- Analysts estimate adjusted EPS of -$4.40 vs. -$4.44 in Q1 FY 2021.
- The company's occupancy rate is expected to rise YOY, but far short of pre-pandemic levels.
- Revenue is expected to rise as the cruise industry slowly recovers from the pandemic shock.
Royal Caribbean Cruises Ltd. (RCL) is experiencing a slow recovery from the shock of the COVID-19 pandemic, which inflicted an estimated $11.1 billion in net losses during the past two fiscal years. Revenues, though improving, remain drastically below pre-pandemic levels. But the company's outlook is brightening. As much as 85% of its cruise ship capacity returned to operations during 2021, and passenger occupancy is rising. As a result, revenue is expected to rebound dramatically this year and approach normal levels as Royal Caribbean's ships continue their return to the seas.
Investors will be watching for signs of improvement in Royal Caribbean's financial performance when the company reports earnings on May 5, 2022 for Q1 FY 2022. Analysts expect the company to report its ninth straight quarter of adjusted losses per share. Revenue is expected to rise dramatically, but remain far below pre-pandemic levels.
Investors will also be focused on Royal Caribbean's occupancy rate, a measure of the amount of available passenger capacity, or cabins, being utilized. The company's occupancy rate has fallen due to the pandemic, but is expected to rise compared to the year-ago quarter. It will still be down sharply from levels prior to the pandemic.
Shares of Royal Caribbean have underperformed the broader market over the past year. The stock briefly outperformed from late May 2021 to mid-June 2021, but has mostly underperformed ever since. Royal Caribbean's shares have provided a total return of -11.7%, below the S&P 500's total return of -0.9% as of May 3, 2022.
Royal Caribbean Earnings History
Royal Caribbean reported Q4 FY 2021 earnings results that missed analysts' expectations. The company posted its eighth straight adjusted loss per share. Revenue rose nearly 29-fold compared to the year-ago quarter, but that gain was compared to essentially no revenues in the same quarter a year earlier. The company said that 12 of its ships returned to service during the quarter. It also noted that its total cash flow from ships in operation turned positive despite the spread of the Omicron variant creating short-term operational challenges.
In Q3 FY 2021, Royal Caribbean reported earnings and revenue that missed consensus estimates. The company reported another adjusted loss per share, making it the seventh straight. Revenue began to rebound, ending a streak of revenue declines. The company said that two-thirds of its fleet was back in operation. It also noted that the spread of the Delta variant during the quarter caused some delay in the company's booking progress.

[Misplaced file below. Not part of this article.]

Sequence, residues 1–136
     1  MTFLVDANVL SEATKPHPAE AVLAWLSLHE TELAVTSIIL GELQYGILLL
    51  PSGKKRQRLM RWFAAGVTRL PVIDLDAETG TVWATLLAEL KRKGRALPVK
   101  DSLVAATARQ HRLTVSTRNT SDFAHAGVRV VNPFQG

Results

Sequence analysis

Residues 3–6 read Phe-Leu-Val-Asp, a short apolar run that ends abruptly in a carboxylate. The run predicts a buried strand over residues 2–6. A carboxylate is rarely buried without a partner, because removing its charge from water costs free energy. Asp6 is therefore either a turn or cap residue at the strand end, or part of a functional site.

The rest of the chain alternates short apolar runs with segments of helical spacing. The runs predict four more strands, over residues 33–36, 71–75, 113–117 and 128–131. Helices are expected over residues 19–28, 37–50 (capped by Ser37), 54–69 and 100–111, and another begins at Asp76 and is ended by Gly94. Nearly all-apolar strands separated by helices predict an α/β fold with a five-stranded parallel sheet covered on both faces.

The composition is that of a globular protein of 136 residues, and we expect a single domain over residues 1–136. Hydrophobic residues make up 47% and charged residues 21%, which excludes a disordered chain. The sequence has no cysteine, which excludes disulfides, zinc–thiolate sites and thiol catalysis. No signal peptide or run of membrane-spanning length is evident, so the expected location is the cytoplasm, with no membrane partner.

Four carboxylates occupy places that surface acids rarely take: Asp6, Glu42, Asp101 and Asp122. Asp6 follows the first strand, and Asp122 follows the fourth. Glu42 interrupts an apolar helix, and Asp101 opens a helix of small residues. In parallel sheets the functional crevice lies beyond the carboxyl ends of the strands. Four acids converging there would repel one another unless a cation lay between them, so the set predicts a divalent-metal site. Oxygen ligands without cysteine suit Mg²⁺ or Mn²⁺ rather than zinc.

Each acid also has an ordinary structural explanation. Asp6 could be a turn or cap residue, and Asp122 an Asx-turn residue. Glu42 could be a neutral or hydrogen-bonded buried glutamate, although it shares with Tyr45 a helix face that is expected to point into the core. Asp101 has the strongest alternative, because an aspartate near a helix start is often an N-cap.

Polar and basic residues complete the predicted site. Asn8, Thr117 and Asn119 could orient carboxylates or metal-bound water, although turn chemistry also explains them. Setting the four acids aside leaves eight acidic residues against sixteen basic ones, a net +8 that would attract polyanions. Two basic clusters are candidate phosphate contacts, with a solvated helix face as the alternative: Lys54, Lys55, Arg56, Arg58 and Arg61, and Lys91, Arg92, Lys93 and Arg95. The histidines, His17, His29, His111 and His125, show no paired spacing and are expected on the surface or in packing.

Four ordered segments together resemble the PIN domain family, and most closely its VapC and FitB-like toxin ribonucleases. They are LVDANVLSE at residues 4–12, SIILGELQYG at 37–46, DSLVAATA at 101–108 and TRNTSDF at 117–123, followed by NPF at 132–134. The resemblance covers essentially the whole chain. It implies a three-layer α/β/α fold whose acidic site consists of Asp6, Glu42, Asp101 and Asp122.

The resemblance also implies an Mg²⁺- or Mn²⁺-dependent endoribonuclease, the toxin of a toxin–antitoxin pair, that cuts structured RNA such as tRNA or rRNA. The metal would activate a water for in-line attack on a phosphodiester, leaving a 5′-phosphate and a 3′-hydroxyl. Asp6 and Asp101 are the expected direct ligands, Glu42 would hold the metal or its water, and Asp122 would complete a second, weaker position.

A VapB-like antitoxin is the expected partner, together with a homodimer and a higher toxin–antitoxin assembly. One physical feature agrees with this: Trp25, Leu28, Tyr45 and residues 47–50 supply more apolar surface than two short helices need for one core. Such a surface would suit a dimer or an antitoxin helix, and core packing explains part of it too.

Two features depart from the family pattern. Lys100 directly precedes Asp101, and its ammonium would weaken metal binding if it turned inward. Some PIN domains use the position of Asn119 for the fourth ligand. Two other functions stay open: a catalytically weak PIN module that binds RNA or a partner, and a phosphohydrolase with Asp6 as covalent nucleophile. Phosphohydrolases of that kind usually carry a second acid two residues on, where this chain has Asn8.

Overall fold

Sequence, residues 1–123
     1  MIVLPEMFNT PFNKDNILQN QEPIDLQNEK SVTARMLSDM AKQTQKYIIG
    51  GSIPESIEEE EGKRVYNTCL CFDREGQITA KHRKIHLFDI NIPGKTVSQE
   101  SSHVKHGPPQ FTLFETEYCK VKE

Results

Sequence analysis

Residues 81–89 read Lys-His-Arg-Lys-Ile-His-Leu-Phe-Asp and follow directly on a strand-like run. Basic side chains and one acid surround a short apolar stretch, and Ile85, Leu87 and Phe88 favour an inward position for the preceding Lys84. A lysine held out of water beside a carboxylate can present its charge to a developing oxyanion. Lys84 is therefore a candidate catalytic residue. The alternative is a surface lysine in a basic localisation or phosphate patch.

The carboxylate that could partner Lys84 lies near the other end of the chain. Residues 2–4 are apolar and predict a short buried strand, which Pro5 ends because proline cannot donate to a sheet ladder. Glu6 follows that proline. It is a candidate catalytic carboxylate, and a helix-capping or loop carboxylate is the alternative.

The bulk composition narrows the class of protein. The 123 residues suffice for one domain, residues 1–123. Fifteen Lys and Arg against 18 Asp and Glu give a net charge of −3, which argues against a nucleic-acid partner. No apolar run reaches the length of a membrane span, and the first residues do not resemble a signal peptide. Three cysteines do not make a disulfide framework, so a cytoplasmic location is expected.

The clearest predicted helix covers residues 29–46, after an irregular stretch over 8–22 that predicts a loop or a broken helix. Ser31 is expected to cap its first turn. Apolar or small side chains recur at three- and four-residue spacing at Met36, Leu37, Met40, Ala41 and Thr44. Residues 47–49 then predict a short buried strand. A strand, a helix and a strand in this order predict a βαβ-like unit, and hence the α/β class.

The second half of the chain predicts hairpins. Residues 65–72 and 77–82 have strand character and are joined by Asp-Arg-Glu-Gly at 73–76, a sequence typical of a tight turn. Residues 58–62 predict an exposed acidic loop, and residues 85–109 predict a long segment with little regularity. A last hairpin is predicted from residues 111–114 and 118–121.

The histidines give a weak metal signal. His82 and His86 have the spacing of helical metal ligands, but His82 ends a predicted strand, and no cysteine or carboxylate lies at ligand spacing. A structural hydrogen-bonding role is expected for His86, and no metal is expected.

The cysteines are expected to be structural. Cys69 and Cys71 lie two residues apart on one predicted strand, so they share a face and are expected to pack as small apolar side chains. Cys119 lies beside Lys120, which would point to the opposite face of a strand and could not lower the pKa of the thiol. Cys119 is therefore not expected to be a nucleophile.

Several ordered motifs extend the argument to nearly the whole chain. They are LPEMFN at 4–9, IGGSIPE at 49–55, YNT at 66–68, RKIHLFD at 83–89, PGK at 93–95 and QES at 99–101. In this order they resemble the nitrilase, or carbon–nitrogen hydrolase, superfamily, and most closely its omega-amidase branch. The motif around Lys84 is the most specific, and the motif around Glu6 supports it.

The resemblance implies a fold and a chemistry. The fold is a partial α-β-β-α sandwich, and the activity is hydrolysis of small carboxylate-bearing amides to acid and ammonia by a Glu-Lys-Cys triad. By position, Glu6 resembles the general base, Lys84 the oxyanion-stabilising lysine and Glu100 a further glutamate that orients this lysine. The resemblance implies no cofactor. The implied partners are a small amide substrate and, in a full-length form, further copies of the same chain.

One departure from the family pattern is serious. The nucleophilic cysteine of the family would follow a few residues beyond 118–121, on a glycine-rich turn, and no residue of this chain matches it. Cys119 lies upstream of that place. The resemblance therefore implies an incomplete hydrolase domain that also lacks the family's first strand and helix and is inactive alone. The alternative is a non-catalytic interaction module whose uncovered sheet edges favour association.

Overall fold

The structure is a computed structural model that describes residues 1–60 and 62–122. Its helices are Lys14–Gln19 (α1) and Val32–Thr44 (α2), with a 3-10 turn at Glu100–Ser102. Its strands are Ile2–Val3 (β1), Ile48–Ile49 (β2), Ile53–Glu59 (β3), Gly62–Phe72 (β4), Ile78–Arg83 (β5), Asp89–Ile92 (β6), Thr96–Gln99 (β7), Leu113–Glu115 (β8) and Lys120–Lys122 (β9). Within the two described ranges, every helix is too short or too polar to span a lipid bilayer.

Analysts expect Royal Caribbean to continue its gradual recovery in Q1 FY 2022. The company is forecast to post another adjusted loss per share of $4.40, but that would be the smallest since the first quarter of FY 2020. Revenue is expected to rise more than 27-fold, but will still be below normal levels before the pandemic. For full-year FY 2022, analysts estimate that the company will report its third straight adjusted loss per share. However, it is expected to be considerably smaller than in the previous two years. Annual revenue is expected to rise more than sixfold, ending the streak of two consecutive years of declines.
|Royal Caribbean Key Stats|
|Estimate for Q1 FY 2022||Q1 FY 2021||Q1 FY 2020|
|Adjusted Earnings Per Share ($)||-4.40||-4.44||-1.48|
|Occupancy Rate (%)||58.7||37.7||103.0|
Source: Visible Alpha
The Key Metric
As mentioned above, investors will also be focused on Royal Caribbean's occupancy rate, which the company refers to simply as "occupancy." It is calculated by dividing passenger cruise days by the available passenger capacity, as measured by available passenger cruise days (APCD). Passenger cruise days is a metric calculated by taking the number of passengers carried during the measurement period and multiplying that by the number of days of the passengers' respective cruises. The measure of capacity assumes double occupancy per cabin, which is why occupancy rates greater than 100% are possible—sometimes cabins are occupied by more than two passengers.
In each of the two years prior to the onset of the pandemic, Royal Caribbean posted occupancy rates between 108-109%. In FY 2020, the first year impacted by the pandemic, the rate fell to 101.9%. It then sank to 49.3% in FY 2021. It hit as low as 27.5% in the second quarter of FY 2021 before it began to rebound. It rose to 36.4% in the third quarter and then again to 59.3% in the fourth. Analysts are expecting the recovery to stall in Q1 FY 2022. While the expected occupancy rate of 58.7% will be significantly higher than the rate posted in the year-ago quarter it is relatively flat compared to the previous quarter. For full-year FY 2022, analysts are expecting the occupancy rate to be 85.0%. That would be a dramatic improvement from last year but still well below levels reached prior to the pandemic.
Royal Caribbean Cruises Ltd. "ROYAL CARIBBEAN GROUP REPORTS ON 2021 RESULTS, PROVIDES BUSINESS UPDATE."
Visible Alpha. "Financial Data."
Royal Caribbean Cruises Ltd. "ROYAL CARIBBEAN GROUP REPORTS THIRD QUARTER 2021 RESULTS AND PROVIDES UPDATES ON ITS RETURN TO SERVICE."
Royal Caribbean Cruises Ltd. "Form 10-K for the fiscal year ended December 31, 2021," Page 36.